Author Topic: Ben Thresher's Mill  (Read 691 times)

CVSNE

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Re: Ben Thresher's Mill
« Reply #15 on: October 18, 2017, 09:45:11 AM »
Marty,
 Not sure if you can divulge who this is a preproduction kit for, or not. If you can I would sure love to know.
Loren...


Hi Loren,
I'm not at liberty to say. Sorry.


Marty

Marty McGuirk
Manassas, VA

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Re: Ben Thresher's Mill
« Reply #16 on: October 19, 2017, 09:20:52 PM »
I'd heard (and agree) that the walls looked fine but the windows didn't look weathered enough and appeared too new compared with the walls.
So I used a fiberglass eraser to scratch the windows a little more, added a wash of several colors of Hunterline stains, and after that dried I scrubbed some rust tone and gray Bragdon powders into the windows.
Marty McGuirk
Manassas, VA

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Re: Ben Thresher's Mill
« Reply #17 on: October 19, 2017, 10:18:00 PM »
Looks great.
Curt Webb
The Late Great Pennsylvania Railroad
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Re: Ben Thresher's Mill
« Reply #18 on: October 23, 2017, 03:21:34 PM »
Marty,
 Not sure if you can divulge who this is a preproduction kit for, or not. If you can I would sure love to know.
Loren...


It is from New England Brownstone, well, was and probably will be.  I had a few life interruptions (not going to bore ya'll with that stuff) since I first started working on it, not to mention a couple of construction issues like "the dog ate it".  Seriously, my dog ate my first model from off of my work bench.  The other was casting the base, which didn't work out as I had planned.  I also owe Marty a dam and gate casting.  I was torn between a wooden or a stone dam and since I make stone stuff I decided to make one out of stone, which is in progress, just not as fast as I would have liked.  Again, life's little interruptions.  AS a side note I will have both the stone and a separate concrete dam available soon.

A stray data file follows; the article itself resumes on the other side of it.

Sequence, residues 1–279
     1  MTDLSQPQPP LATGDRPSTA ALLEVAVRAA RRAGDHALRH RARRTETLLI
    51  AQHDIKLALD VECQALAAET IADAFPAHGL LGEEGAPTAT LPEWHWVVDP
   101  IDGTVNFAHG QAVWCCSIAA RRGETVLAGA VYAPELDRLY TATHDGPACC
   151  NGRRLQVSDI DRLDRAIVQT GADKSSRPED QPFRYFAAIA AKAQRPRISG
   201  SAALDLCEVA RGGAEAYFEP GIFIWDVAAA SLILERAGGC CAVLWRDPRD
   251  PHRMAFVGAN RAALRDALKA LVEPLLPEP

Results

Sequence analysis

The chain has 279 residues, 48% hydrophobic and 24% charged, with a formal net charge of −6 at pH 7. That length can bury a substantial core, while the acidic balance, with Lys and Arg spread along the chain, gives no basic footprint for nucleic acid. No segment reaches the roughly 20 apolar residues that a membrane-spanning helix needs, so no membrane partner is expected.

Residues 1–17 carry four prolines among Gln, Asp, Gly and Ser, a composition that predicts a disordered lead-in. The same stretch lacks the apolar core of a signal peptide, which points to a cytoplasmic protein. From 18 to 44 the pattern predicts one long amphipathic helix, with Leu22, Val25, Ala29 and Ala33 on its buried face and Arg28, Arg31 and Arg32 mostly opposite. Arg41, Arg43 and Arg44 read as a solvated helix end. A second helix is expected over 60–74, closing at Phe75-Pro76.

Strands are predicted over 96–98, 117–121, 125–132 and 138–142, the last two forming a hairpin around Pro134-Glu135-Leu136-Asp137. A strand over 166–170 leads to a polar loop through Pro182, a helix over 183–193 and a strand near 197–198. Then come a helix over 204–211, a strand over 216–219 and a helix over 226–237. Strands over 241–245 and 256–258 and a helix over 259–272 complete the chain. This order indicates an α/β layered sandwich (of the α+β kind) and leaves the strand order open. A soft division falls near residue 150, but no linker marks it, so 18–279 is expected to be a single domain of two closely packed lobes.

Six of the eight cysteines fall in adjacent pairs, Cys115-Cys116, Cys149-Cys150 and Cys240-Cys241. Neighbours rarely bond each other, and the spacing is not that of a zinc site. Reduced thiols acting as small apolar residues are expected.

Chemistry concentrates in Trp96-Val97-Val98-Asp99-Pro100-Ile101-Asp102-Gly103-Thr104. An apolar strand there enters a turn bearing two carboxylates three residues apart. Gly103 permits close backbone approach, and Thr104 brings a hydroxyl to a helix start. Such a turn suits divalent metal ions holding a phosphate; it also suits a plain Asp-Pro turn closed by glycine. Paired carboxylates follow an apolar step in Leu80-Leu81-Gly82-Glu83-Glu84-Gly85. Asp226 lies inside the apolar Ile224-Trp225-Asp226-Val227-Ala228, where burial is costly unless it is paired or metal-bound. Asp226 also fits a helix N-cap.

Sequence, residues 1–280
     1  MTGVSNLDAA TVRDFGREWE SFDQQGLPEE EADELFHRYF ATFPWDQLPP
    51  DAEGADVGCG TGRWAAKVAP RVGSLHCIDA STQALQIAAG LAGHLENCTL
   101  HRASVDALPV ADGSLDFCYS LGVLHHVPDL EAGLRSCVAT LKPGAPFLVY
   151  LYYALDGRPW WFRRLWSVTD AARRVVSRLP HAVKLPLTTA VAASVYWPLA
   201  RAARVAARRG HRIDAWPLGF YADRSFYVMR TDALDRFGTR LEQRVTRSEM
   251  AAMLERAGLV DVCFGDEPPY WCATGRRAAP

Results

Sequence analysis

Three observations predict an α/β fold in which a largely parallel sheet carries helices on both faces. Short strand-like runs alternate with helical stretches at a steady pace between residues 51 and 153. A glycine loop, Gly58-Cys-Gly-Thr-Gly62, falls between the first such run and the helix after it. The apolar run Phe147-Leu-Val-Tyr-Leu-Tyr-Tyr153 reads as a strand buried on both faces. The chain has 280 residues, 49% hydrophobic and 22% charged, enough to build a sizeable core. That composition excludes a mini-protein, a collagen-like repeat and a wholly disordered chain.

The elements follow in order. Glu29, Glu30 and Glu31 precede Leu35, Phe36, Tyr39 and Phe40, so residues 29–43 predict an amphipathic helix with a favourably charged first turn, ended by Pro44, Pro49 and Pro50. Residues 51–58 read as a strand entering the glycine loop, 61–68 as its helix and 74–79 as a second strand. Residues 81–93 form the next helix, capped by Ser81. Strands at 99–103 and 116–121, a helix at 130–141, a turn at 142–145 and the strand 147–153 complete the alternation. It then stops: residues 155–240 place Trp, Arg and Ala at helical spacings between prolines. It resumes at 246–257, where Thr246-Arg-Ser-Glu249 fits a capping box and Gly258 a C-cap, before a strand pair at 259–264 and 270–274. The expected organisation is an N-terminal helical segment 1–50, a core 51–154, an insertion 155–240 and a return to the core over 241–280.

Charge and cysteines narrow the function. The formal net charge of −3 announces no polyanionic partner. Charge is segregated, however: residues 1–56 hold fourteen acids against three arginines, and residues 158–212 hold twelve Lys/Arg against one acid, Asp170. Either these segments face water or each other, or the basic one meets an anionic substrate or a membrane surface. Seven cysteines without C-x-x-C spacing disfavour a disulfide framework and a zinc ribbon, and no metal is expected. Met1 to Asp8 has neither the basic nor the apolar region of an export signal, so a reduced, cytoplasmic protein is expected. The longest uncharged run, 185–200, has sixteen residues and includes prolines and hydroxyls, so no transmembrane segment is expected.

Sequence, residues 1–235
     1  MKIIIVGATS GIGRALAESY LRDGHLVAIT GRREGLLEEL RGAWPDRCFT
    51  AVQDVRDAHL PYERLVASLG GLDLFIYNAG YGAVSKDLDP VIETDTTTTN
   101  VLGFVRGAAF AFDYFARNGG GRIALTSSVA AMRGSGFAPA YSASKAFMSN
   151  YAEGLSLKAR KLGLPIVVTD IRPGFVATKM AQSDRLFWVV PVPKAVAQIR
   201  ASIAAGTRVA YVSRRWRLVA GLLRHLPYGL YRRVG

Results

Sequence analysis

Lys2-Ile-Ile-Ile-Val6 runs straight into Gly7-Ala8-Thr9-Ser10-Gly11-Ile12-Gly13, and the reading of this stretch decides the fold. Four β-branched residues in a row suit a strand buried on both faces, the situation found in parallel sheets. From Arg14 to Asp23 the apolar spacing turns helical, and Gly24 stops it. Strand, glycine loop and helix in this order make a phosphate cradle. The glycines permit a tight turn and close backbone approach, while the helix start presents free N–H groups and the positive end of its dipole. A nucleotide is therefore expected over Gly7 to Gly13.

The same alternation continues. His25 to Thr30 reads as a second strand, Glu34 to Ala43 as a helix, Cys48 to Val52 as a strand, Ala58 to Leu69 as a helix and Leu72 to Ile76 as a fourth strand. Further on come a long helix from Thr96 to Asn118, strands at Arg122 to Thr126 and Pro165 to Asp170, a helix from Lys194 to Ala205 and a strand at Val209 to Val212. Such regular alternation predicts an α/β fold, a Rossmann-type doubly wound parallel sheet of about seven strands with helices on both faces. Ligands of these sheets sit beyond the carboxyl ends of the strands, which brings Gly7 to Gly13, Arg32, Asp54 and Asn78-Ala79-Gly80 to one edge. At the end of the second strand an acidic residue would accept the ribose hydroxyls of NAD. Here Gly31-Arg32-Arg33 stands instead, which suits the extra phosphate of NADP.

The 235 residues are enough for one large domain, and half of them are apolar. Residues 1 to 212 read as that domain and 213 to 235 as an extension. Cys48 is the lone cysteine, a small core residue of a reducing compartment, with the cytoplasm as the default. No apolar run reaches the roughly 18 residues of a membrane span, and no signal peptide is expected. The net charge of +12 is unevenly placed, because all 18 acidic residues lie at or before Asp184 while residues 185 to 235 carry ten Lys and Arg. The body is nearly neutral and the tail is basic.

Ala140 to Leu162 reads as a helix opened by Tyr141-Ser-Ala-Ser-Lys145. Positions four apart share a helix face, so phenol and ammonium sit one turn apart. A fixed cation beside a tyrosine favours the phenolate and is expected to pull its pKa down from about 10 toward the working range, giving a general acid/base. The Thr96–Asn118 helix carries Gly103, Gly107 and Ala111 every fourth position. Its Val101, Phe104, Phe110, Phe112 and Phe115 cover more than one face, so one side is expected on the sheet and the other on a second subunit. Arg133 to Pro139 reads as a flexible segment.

I also moved my pattern-making operations down to a new facility (it's actually old, but new to me, sorta) that has made my model working and any other project(s) I conjure up so much easier to work on and I am now starting to rework some of my old dust collectors.  Ben's being one.  Setting up the shop has been going slower than I had anticipated, but I have noticed a definite increase in speed when actually doing a project.  There's something to be said about working at home and for me it's better if I don't.  It's too easy for me to be distracted and honestly, I should have done the move years ago.


I still do the casting at home, but all tooling is done at my new shop where I can be totally focused.  In fact, I can go down and work for a few hours and have more done than what I would have done in a week at my house.  The only problem is forgetting something at the house or the shop, but seeing they are only 8 mins away from each other it's not that big of a deal.  Not to mention, I don't have to cut wood under my carport on an un-even and un-level driveway in the middle of winter.  (BTW,who in the heck would build a carport in New England?)  Believe me, if that don't get your procrastination juices curdling, nothing will.



Anyways, life is good, now!
Russ

New England Brownstone
http://nebrownstone.com/blog/

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Re: Ben Thresher's Mill
« Reply #19 on: October 23, 2017, 07:58:48 PM »
Russ,
 Thanks so much....looking forward to when you will have this kit into production.....
Loren..
Loren Hendrix
Collector of All Limited Craftsman kits-if you have any, and are willing to sell contact me, any reasonable price considered....

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Re: Ben Thresher's Mill